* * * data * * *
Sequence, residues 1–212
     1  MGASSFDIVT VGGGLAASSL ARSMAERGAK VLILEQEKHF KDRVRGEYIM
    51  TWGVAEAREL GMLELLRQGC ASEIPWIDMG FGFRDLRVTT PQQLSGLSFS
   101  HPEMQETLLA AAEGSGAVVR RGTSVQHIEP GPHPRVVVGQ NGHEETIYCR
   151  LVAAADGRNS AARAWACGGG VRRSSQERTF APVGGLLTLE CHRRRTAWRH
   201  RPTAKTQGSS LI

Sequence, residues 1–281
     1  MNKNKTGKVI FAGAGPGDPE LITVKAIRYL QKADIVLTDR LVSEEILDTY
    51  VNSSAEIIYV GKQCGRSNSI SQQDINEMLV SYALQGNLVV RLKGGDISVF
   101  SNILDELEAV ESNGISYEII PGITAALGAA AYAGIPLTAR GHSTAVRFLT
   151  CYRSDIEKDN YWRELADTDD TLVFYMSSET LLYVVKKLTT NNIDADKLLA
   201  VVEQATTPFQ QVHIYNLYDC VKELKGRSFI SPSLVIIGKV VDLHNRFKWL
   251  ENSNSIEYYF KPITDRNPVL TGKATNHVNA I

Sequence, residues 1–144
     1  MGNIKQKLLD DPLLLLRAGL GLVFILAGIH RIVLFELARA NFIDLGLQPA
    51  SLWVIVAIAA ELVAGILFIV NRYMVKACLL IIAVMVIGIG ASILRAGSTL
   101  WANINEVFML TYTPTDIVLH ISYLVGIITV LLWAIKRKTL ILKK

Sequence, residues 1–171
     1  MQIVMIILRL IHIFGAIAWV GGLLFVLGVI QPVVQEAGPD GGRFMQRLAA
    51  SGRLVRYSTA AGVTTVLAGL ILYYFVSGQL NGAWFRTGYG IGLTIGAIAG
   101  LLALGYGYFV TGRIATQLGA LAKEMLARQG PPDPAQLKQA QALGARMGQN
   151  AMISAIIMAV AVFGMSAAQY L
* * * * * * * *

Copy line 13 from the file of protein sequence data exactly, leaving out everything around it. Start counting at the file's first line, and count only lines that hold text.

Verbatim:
   251  ENSNSIEYYF KPITDRNPVL TGKATNHVNA I